10. jm1

    jm1 Bit Poster

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    Just spotted this, quite agree lol. There is a sense of satisfaction if you get through it though.
     
  11. sheepluv

    sheepluv Byte Poster

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    Done the HND computing course, which is really the first 2 years of a degree (although all the Comp Sci degrees seem to vary between Uni/Colleges). I then went into IT support.

    Do I wish I didnt do it? No I really enjoyed it and there were other things on it like Personal skills (presentations), meetings, some law, management of change etc.. so it wasnt just programming and maths.

    So I didnt learn much of IT support (there was an assigment in Linux and NT skills). But learnt about lots of other things and a great sense of achievement. Also worked at the college, lecturers often have contacts..

    Main skills learned for actually doing a job were probably coding skills though, and I think that HND/Degree Comp Sci. is a great course to start you off programming. I think they are a good foundation really, and there are so many versions now, stuff with Cisco/MS/Linux certs as part of them etc. You can work the holidays, bias the degree to support side of things..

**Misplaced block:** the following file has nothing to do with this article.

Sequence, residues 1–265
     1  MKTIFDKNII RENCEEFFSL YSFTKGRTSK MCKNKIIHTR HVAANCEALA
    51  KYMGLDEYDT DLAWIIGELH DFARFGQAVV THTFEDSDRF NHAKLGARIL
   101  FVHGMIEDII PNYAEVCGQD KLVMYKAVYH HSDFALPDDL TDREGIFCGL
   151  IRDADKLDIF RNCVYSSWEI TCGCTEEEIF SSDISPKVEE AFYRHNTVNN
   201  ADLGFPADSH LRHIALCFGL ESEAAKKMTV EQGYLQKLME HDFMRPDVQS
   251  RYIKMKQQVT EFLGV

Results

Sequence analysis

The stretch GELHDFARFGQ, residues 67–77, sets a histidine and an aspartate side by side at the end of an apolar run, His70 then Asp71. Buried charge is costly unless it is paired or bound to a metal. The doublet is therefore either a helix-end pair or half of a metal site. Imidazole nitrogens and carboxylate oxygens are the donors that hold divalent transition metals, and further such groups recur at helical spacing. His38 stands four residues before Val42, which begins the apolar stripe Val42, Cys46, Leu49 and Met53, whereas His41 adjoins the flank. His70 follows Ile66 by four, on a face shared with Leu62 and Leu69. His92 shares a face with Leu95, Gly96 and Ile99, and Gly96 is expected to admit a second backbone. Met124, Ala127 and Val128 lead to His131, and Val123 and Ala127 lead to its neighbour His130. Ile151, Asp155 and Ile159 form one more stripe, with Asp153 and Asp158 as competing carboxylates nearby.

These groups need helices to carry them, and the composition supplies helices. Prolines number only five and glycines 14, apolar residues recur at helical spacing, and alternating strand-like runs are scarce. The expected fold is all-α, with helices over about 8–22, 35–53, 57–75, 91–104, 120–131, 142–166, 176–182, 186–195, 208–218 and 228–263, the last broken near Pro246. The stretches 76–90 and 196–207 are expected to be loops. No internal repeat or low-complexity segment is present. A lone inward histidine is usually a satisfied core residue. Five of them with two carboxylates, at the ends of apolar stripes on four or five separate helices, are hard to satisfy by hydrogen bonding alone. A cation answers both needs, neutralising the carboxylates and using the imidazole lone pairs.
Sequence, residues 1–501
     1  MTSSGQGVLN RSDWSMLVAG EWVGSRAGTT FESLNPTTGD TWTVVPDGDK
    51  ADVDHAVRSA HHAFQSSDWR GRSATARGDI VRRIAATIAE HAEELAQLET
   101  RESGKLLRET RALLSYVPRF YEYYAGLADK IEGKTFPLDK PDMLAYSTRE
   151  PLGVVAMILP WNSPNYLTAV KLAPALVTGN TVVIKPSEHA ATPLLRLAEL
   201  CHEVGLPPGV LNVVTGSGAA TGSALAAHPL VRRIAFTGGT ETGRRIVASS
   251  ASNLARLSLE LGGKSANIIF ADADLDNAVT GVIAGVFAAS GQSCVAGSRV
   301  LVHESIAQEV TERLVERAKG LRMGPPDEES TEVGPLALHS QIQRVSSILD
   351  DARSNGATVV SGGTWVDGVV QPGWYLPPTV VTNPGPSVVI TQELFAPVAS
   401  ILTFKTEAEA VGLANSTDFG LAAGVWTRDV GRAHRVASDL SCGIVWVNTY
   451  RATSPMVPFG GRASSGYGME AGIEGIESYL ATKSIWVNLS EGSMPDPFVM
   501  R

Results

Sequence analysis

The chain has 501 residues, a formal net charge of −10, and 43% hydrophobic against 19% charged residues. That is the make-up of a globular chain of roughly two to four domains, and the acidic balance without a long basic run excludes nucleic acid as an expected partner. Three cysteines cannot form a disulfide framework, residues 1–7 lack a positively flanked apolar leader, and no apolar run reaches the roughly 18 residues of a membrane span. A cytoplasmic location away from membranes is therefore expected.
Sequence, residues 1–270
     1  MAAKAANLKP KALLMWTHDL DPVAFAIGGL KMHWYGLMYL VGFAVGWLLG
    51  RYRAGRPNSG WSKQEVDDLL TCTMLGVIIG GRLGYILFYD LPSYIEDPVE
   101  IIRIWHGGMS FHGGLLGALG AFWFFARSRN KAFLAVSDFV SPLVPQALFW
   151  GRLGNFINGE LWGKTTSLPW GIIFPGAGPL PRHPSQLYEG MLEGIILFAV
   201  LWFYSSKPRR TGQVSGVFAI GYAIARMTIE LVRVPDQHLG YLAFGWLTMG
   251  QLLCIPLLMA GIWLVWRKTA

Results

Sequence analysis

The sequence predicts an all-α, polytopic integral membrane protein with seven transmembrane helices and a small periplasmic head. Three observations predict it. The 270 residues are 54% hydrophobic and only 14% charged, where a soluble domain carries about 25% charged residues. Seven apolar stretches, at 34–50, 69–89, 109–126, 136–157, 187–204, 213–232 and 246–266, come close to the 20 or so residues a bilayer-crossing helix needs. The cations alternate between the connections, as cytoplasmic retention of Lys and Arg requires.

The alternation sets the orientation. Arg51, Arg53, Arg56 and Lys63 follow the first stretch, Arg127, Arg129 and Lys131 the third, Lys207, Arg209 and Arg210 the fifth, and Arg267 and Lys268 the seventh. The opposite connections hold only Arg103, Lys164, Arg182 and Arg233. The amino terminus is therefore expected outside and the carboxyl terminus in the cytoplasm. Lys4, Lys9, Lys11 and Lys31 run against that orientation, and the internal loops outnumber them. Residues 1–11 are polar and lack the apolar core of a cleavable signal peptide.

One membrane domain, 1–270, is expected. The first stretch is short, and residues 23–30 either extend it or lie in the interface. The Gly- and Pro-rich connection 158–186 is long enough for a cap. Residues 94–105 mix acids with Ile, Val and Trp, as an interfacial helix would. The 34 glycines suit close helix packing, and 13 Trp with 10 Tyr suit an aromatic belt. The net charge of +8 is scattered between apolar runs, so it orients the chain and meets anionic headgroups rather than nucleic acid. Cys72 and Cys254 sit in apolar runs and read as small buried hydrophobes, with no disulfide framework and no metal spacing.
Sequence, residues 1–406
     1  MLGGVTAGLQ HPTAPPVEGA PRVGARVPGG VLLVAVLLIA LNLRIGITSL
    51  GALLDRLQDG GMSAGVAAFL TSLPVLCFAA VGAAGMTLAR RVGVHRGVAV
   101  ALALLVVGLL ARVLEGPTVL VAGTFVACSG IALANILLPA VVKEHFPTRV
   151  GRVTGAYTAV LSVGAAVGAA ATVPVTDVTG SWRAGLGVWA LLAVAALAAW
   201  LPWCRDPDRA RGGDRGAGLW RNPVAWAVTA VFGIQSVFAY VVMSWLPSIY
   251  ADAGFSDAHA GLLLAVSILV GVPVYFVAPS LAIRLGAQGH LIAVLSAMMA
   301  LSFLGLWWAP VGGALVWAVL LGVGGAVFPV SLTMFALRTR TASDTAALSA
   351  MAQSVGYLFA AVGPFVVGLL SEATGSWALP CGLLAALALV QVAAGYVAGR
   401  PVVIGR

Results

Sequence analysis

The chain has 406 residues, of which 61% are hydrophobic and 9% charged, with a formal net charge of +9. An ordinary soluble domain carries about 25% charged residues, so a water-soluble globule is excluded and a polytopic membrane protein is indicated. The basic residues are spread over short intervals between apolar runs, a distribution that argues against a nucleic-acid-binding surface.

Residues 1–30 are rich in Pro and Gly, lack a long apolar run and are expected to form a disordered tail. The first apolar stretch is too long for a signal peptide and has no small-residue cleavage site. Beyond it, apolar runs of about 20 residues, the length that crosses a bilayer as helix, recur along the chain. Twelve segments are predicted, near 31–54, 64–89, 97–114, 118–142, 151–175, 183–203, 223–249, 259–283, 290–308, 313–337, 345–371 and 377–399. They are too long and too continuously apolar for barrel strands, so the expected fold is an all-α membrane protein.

If I had the money for 3 years off, id prob do a full time topup of me HND (a year I think).
     
    Certifications: CCNA | HND | 70-646
  12. jm1

    jm1 Bit Poster

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    My 3 year degree didnt involve any stuff like management and law atall however team projects and the main programming dissertation go down well at interviews as you have alot to talk about regarding the entire project life cycle of developing a system.

    I agree it is certainly a challenge and a great sense of achievment my main point is i think alot of HR departments dont understand the challenge and skills you get from it and dont realy distinguish from the fact that a computer science degree is a million times harder than normal IT degrees. However when you do find someone who can appretiate the degree you have done then it is certainly a benefit.
     
  13. Monkeychops

    Monkeychops Kilobyte Poster

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    As this chap says, it depends on the company.

    My first company were only interested in training you on things they were using at the time or wanting to implement, but they were not fussed on you taking the exams. They just wanted you to do the course.

    Then my last company were the opposite and wanted you to get certified up on things. I was there for around 3.5 years and in that time had roughly 7 training courses/certifications paid for by them with no clauses on leaving.

    My new job is similar, been here a month and am already in the process of having a weeks course being booked up for me.
     
  14. Lozler

    Lozler Bit Poster